Webster 1913 Edition
[Akin to LG.
daune, cf. D.
dons; perh. akin to E.
Fine, soft, hairy outgrowth from the skin or surface of animals or plants, not matted and fleecy like wool; esp.:
The soft under feathers of birds. They have short stems with soft rachis and bards and long threadlike barbules, without hooklets.
The pubescence of plants; the hairy crown or envelope of the seeds of certain plants, as of the thistle.
The soft hair of the face when beginning to appear.
And the first
downbegins to shade his face.
That which is made of down, as a bed or pillow; that which affords ease and repose, like a bed of down
When in the
Sleep, Death’s twin brother, times my breath.
downI sink my head,
Sleep, Death’s twin brother, times my breath.
Thou bosom softness,
downof all my cares!
a tree of Central America (
Ochroma Lagopus), the seeds of which are enveloped in vegetable wool.
To cover, ornament, line, or stuff with down.
A bank or rounded hillock of sand thrown up by the wind along or near the shore; a flattish-topped hill; – usually in the plural.
Hills afford prospects, as they must needs acknowledge who have been on the
She went by dale, and she went by
A tract of poor, sandy, undulating or hilly land near the sea, covered with fine turf which serves chiefly for the grazing of sheep; – usually in the plural.
Seven thousand broad-tailed sheep grazed on his
A road for shipping in the English Channel or Straits of Dover, near Deal, employed as a naval rendezvous in time of war.
On the 11th [June, 1771] we run up the channel . . . at noon we were abreast of Dover, and about three came to an anchor in the
Downs, and went ashore at Deal.
Cook (First Voyage).
[From the adverb.]
A state of depression; low state; abasement.
downsof life too much outnumber the ups.
In the direction of gravity or toward the center of the earth; toward or in a lower place or position; below; – the opposite of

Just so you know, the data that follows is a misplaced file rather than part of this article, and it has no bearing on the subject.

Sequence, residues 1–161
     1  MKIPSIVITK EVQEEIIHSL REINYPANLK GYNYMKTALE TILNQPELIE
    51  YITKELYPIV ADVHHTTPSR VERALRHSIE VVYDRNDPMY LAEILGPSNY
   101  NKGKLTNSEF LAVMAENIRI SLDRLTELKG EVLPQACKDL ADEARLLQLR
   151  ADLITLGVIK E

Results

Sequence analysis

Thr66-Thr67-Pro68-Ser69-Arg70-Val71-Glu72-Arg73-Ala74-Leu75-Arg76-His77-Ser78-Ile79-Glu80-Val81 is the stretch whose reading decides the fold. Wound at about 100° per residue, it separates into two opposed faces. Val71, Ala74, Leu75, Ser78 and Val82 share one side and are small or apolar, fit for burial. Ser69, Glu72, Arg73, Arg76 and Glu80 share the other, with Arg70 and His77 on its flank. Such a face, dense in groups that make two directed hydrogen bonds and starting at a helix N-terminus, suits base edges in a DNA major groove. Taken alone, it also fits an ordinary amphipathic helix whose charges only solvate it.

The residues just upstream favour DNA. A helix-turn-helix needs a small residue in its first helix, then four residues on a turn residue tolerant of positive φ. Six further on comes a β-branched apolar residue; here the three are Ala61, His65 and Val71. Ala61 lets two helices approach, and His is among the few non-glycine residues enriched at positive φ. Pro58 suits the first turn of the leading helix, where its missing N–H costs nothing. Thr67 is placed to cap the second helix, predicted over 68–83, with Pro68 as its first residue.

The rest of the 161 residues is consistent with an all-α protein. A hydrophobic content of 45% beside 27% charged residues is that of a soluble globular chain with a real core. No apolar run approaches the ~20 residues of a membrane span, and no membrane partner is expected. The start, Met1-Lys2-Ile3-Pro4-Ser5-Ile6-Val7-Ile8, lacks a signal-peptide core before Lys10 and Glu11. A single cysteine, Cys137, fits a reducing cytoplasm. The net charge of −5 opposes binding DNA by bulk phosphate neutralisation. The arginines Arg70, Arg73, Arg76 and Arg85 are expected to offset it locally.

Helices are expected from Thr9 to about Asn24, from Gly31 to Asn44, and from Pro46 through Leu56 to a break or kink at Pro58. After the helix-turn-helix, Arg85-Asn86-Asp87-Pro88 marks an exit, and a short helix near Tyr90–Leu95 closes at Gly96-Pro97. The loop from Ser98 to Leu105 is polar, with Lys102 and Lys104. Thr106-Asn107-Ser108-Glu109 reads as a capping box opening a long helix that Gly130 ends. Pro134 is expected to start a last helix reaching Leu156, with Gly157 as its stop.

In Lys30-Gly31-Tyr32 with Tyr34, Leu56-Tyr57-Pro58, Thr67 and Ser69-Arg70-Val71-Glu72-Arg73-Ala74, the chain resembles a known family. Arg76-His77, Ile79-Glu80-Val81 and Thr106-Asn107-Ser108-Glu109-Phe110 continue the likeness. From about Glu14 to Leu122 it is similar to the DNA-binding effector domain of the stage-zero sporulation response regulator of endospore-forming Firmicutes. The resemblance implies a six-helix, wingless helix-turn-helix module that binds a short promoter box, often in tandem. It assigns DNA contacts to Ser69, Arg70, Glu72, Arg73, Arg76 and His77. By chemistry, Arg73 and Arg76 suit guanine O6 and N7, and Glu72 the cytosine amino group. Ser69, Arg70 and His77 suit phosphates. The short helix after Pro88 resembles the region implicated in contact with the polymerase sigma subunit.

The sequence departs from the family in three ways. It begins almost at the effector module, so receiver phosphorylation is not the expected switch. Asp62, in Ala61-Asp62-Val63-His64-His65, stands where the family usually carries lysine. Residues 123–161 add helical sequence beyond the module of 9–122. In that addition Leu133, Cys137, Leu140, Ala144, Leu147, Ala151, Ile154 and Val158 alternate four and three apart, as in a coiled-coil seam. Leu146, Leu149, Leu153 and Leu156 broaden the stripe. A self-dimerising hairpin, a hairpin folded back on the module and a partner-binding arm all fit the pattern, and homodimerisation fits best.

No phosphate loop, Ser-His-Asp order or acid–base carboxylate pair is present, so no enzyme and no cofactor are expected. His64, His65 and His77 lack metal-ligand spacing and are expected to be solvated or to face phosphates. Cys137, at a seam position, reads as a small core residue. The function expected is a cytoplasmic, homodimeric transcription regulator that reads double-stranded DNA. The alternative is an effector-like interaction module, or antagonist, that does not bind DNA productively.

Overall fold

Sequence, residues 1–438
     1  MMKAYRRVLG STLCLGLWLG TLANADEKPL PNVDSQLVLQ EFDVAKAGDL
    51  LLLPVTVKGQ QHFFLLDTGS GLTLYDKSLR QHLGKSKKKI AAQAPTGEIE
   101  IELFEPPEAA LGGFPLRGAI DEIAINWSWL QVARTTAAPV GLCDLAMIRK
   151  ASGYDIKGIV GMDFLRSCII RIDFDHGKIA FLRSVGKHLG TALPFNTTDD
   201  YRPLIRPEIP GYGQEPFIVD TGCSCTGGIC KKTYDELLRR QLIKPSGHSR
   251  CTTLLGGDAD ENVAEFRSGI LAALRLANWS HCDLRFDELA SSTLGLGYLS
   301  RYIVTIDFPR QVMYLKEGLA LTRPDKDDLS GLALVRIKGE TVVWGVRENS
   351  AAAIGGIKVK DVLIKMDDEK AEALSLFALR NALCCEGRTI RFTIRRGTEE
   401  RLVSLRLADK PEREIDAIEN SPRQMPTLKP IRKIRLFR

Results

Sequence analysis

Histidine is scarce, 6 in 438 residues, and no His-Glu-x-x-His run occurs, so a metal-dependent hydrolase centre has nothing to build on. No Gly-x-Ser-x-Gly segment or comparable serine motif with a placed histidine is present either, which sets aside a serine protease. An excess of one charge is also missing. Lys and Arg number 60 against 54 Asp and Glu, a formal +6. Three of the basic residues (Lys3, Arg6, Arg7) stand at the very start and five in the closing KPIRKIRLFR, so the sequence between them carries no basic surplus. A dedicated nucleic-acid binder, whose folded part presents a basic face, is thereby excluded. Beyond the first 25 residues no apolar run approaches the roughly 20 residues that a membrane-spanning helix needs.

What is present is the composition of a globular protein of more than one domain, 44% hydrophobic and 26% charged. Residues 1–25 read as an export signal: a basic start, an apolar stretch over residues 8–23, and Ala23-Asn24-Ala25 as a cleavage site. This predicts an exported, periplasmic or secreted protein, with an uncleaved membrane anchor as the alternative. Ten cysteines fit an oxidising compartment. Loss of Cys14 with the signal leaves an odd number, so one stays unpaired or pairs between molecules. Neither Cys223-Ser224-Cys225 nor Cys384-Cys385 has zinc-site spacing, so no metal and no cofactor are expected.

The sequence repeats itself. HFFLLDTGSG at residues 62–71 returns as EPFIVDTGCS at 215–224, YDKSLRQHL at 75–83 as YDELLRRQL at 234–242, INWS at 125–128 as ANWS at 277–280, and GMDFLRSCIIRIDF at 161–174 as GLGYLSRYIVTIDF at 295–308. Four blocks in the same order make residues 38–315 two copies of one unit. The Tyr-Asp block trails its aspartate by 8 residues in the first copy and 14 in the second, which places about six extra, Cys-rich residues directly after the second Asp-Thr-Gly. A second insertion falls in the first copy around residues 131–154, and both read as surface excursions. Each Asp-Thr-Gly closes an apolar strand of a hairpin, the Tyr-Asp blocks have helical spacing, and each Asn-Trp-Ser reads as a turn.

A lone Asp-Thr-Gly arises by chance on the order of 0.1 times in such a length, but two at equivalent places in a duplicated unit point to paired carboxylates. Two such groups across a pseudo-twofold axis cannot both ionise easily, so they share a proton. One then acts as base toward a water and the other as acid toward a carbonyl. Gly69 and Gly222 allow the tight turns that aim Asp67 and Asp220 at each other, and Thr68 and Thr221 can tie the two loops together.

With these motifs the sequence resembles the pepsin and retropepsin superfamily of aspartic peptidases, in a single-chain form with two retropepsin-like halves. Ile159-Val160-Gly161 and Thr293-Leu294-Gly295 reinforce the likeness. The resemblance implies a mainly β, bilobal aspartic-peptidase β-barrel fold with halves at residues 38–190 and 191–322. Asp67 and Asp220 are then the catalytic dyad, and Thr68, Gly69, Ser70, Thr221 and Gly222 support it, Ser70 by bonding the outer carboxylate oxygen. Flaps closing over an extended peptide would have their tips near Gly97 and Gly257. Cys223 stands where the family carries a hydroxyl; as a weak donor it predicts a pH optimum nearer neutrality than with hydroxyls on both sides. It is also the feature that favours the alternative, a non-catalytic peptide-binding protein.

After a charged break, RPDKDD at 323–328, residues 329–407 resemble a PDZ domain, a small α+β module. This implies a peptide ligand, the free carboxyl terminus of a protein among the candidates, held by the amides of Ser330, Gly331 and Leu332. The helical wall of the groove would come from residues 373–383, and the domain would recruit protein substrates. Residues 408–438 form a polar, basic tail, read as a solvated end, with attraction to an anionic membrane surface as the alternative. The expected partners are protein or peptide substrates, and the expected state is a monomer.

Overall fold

2.Hence, in many derived uses, as:
From a higher to a lower position, literally or figuratively; in a descending direction; from the top of an ascent; from an upright position; to the ground or floor; to or into a lower or an inferior condition; as, into a state of humility, disgrace, misery, and the like; into a state of rest; – used with verbs indicating motion.
It will be rain to-night. Let it come
I sit me
downbeside the hazel grove.
And that drags
There is not a more melancholy object in the learned world than a man who has written himself
In a low or the lowest position, literally or figuratively; at the bottom of a descent; below the horizon; on the ground; in a condition of humility, dejection, misery, and the like; in a state of quiet.
downand out of breath.
The moon is
down; I have not heard the clock.
He that is
downneeds fear no fall.
From a remoter or higher antiquity.
Venerable men! you have come
downto us from a former generation.
From a greater to a less bulk, or from a thinner to a thicker consistence;
as, to boil.
downin cookery, or in making decoctions
an order to the helmsman to put the helm to leeward.–
Down upon(joined with a verb indicating motion, as go, come, pounce)
to attack, implying the idea of threatening power.
take down, throw down, put down; – used in energetic command, often by people aroused in crowds, referring to people, laws, buildings, etc.;“Down with the palace; fire it.”
down withthe king!
To be down on,
to dislike and treat harshly.
To cry down.
To cut down.
Up and down,